Don’t Pay in Cash

For decades now, I have been filing applications for Medicaid benefits on behalf of my clients.  I would say that in almost every case in which the client lived in their home with the assistance of a home health aide, the client (or more accurately, the client’s family) has paid for all or some of the home health aides in cash, either literally by handing the aide cash for her services or by writing a check to cash to pay the aide for her services.

I will only briefly mention that paying an aide in cash is problem for income tax purposes.  At best, a home health aide is an independent contractor of mom who is benefitting from the aides services and who retained the aide to provide those services.  As such, mom should issue a form 1099 to the aide at the end of the year to report the amounts of money that mom paid to the aide for the services that the aide rendered to mom.  The aide would then be responsible for reporting these earnings to the Internal Revenue Service or IRS.

Now, I can’t be 100% certain, but if a home health aide is asking to be paid in cash, I think it is a fairly reasonable assumption that the aide is not going to report those earning to the IRS and is not going to pay income taxes on those earnings.  Whether the aide is here in this country legally or illegally from an immigration standpoint, she must still pay income taxes on her earnings and the failure to do so is tax evasion.

If mom is failing to report those earnings, then mom is engaging in tax evasion with the aide, which is a crime.  Do I think people do this frequently?  I think people do this all the time.  I think there is a billion-dollar industry happening in this country for the past twenty years, at least, in which this type of tax evasion has been occurring.  Do I think the government is going to throw mom in jail?  No.  Do I think there is a probability that the IRS will fine mom for failure to report earnings?  I think it is a remote possibility, but certainly not a probability.  But, if you ask my opinion, being a lawyer, I would be obligated to tell you that it is illegal.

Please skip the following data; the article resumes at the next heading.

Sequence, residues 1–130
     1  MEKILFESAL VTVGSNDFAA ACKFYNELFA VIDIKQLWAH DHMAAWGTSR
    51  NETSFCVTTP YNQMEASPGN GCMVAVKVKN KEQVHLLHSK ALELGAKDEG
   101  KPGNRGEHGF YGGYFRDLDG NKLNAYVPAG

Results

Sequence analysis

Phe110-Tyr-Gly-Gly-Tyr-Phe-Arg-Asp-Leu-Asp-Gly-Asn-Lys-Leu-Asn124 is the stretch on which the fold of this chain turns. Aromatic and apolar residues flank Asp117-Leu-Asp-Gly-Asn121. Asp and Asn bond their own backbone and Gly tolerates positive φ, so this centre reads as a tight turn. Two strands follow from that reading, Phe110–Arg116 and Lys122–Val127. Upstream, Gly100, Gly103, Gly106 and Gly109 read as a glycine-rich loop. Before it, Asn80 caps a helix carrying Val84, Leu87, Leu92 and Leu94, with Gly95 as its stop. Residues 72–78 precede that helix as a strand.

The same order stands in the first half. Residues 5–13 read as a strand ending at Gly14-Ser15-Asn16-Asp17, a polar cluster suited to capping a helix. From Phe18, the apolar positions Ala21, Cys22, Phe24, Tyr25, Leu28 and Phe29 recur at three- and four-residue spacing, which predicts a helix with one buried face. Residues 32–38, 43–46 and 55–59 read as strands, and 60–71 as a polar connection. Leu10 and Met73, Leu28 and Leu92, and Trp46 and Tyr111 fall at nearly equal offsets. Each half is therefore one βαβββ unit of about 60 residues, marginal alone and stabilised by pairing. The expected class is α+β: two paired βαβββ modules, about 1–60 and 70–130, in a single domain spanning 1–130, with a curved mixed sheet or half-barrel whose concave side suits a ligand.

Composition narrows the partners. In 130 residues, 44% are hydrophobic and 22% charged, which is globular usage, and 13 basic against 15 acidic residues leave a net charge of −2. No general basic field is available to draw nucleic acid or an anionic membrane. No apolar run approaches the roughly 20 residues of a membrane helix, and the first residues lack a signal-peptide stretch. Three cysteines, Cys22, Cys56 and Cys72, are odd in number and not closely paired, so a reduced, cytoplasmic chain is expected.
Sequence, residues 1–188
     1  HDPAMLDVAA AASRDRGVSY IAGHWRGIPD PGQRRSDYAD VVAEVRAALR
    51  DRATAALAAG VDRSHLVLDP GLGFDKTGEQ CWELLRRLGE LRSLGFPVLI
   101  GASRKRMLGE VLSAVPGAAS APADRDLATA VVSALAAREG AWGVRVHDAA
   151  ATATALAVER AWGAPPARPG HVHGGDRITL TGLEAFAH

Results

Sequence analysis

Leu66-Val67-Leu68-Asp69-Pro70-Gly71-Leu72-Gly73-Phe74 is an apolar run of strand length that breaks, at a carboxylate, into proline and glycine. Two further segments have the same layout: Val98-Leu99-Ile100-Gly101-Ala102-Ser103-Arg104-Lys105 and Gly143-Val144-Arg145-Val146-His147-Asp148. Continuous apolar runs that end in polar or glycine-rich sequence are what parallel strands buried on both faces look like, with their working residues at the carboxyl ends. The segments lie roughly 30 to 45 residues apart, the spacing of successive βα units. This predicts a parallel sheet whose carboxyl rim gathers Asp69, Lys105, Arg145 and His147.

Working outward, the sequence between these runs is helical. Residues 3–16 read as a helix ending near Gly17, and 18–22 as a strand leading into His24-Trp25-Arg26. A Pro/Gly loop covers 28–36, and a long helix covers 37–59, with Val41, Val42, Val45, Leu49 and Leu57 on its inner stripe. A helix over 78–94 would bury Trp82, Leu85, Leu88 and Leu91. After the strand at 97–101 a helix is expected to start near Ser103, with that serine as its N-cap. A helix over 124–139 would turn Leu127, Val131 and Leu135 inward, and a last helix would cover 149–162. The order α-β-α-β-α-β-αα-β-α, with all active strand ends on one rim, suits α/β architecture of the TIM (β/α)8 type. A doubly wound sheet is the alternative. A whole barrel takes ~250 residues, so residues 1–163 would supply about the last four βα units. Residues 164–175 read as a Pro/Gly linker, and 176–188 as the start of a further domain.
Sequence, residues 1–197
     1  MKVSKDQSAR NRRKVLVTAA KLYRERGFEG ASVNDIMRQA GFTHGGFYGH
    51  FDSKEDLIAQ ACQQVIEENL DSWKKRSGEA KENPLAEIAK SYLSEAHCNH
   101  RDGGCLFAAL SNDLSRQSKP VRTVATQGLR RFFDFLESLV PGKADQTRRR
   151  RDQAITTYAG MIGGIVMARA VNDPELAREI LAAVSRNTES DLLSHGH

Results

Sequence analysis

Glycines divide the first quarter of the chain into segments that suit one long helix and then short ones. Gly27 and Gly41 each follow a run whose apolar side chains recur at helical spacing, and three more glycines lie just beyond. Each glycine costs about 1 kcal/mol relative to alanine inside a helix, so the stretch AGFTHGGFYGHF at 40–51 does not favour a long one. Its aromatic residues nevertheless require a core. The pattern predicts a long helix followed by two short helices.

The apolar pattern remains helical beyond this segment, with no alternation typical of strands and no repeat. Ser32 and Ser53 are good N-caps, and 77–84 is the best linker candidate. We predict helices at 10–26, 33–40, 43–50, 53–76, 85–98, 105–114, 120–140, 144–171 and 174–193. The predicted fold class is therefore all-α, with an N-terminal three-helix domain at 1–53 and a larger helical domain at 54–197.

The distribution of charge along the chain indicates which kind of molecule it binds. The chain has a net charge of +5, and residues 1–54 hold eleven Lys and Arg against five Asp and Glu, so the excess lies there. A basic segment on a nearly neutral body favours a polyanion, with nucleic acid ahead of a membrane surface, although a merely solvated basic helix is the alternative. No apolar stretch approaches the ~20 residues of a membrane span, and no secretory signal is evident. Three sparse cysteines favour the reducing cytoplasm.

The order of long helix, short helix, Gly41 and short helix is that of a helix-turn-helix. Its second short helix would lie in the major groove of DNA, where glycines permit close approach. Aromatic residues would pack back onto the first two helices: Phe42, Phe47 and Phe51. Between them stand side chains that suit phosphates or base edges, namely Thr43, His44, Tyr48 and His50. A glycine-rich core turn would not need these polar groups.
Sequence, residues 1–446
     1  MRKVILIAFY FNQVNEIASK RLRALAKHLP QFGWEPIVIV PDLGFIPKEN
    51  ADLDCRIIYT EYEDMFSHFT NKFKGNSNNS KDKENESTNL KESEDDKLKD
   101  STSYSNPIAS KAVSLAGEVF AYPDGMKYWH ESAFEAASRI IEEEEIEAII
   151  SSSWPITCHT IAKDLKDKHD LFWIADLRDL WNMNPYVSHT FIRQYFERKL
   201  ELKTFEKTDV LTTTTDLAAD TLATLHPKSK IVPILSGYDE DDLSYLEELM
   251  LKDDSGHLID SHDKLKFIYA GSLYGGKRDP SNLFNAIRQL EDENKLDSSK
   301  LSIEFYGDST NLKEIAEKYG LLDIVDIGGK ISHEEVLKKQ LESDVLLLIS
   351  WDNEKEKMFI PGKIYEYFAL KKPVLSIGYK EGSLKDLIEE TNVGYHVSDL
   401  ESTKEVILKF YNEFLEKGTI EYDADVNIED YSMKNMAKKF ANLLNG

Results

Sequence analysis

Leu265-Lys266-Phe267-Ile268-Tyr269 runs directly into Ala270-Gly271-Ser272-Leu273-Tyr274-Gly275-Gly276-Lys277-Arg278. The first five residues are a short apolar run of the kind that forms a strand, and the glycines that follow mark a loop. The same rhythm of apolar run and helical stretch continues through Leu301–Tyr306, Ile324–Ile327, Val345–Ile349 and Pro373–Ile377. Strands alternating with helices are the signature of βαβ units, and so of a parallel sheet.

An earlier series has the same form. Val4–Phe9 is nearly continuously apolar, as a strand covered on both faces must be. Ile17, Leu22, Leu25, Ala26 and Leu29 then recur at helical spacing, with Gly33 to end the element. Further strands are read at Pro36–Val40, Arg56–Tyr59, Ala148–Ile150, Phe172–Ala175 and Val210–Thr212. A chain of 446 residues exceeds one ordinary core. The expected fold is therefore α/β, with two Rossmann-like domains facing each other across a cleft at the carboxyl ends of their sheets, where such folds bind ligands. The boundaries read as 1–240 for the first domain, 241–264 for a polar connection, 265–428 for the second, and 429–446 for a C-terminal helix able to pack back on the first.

Worse yet, the home health aide is more likely than not an employee of mom’s, not an independent contractor because the aide is not dictating the terms and manner of her services to mom.  The rote duties that the aide is performing to mom do not involving independent judgment and skills.  As such, mom is an employer and should be withholding employee-employer payroll taxes.  More paid news for mom on the above tax evasion fronts but still something unlikely to cause mom to go to jail.

There are also liability issues in paying an aide “under the table.”  Being a home health aide is, quite literally, backbreaking work.  What if the aide injures herself lifting mom or falls in mom’s house because of a hazard in the home.  Many elderly individuals’ homes are filled with hazards, as “memories” collect over the years in the home and are not discarded.

The aide could sue mom for her injuries.  Would homeowner’s insurance cover these injuries?  The answer to that question is beyond the scope of my practice, but a judge I know once told me that when she was engaged in the private practice of law she represented insurance companies and insurance companies look for ways not to pay out on their insurance policies.  So, this is something to consider.

With all of that said, the main point of this article is the effect on a person’s eligibility for Medicaid benefits when she has paid a home health aide in cash during the five years immediately preceding the date of her application for Medicaid benefits.  A recent case of the New Jersey appellate division holds that the Medicaid office was correct in treating these payments as gifts that rendered the Medicaid applicant ineligible for Medicaid benefits.

Since the applicant could not prove that she legitimately paid an aide in cash, the Medicaid office treated the payments as gifts that rendered her ineligible for Medicaid.  Now, with no money and no Medicaid benefits, her nursing home bills will not be paid and the facility would be within its rights to discharge her from the facility.

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